Should my baby be talking already?


Your little one is well past their first birthday now, and there might be some big expectations piling on. Their little feet will be itching to walk (if they’re not already) and you’re desperate to hear more words coming out of their mouth. Milestones are important to help judge how their development is going, but remember every baby is different. Soon enough they will be chatting away and telling you stories nonstop.

Should my baby be talking by now?

Most babies will have said their first word by this point, most commonly it will be mama or dada, but don’t get offended if it’s something to do with food or a favourite toy or pet! Your little one’s first word is a memorable moment in your family, so get excited! Other than that, at this time they will most likely be joyfully reciting around three other words in their vocabulary. From doggy to milk you will be hearing them on a constant loop throughout the day. By now they might be communicating through pointing at objects when you say them or repeating the simple words you tell them. A fun way to celebrate and remember these moments are by recording them, and repeating the words back to them, and encouraging them with praise. Hearing your excitement will only make them want to speak more – and by recording it you’ll have a gorgeous memory to keep. Don’t worry about how many words, or stringing sentences together just yet, you’ll have plenty of time to talk around 2 years when the lightbulb turns on and the speech floodgates open.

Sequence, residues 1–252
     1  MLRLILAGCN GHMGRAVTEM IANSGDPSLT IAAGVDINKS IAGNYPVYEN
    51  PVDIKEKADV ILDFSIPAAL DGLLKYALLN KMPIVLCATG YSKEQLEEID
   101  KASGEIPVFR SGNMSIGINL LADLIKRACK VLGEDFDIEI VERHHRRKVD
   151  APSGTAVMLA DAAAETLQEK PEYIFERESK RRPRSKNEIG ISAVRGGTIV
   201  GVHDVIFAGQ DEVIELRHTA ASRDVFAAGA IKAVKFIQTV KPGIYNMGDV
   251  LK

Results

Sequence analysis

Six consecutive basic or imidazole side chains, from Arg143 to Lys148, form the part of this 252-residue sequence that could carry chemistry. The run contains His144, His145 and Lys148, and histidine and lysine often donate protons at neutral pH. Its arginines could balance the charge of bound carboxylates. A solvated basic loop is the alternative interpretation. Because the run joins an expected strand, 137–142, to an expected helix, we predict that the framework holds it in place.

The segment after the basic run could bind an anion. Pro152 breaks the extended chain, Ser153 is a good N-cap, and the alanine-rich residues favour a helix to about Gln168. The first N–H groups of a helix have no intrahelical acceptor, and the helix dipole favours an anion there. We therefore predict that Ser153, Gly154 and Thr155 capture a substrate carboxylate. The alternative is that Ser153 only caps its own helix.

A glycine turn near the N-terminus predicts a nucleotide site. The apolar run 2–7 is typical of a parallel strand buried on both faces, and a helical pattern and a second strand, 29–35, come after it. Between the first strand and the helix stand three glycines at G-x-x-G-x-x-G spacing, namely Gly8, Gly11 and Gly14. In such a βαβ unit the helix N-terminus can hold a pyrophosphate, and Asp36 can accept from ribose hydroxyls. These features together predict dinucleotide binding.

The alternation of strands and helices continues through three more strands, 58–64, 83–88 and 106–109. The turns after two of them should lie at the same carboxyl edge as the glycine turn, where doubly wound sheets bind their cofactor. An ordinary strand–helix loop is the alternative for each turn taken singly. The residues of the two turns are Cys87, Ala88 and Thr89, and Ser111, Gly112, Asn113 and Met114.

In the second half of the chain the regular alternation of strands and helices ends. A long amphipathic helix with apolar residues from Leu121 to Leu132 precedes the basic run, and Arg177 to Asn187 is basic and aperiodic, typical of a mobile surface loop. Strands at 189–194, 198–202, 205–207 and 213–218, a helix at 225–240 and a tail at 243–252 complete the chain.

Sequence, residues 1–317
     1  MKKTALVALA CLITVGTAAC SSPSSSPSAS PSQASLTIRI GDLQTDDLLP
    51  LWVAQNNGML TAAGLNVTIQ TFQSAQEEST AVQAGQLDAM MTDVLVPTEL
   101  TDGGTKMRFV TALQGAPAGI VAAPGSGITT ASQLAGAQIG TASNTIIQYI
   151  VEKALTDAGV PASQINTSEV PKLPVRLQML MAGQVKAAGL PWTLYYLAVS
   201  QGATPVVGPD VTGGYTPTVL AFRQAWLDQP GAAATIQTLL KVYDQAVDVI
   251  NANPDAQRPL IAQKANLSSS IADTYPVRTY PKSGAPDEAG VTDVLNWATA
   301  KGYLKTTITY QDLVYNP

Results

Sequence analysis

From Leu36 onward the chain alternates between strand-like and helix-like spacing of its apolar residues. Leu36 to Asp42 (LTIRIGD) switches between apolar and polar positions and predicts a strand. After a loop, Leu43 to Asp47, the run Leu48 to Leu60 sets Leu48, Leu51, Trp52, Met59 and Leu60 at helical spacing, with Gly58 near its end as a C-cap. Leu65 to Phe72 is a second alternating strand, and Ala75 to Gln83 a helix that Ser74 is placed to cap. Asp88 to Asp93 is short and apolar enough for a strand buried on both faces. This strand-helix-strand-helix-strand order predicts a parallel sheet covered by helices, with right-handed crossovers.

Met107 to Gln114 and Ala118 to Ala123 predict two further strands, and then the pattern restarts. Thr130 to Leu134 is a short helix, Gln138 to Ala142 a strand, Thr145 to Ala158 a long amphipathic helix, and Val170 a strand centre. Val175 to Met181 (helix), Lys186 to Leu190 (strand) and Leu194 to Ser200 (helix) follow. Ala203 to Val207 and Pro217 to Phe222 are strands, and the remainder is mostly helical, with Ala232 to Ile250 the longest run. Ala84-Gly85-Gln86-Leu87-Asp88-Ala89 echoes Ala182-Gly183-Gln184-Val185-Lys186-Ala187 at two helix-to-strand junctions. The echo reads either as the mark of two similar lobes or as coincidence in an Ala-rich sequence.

What if my little one isn’t speaking yet?

Don’t fret! It’s difficult to not compare them to their playground friends or social media, but remember that every child is different and they will get there in their own time. As long as they are showing effort and interest they are developing and working on it. If they make noises and use their voice but have yet to form a proper word, they are just practising and one day out of the blue you’ll hear it.Encouraging them with lots of opportunities during storytime and games, such as pointing at their toys and saying the words out loud. Ask them questions and give them the opportunity to choose things with their words by asking them things like, “milk or juice?”. When they make noises give them direct eye contact so that they feel heard and more excited to make some progress. Speak to them often and emphasise words like mama or dada that they can begin to formulate. If you’re still worried about their progress, contact your GP. Other than that you can consider a speech pathologist. Your little sidekick will be chirping away in no time!

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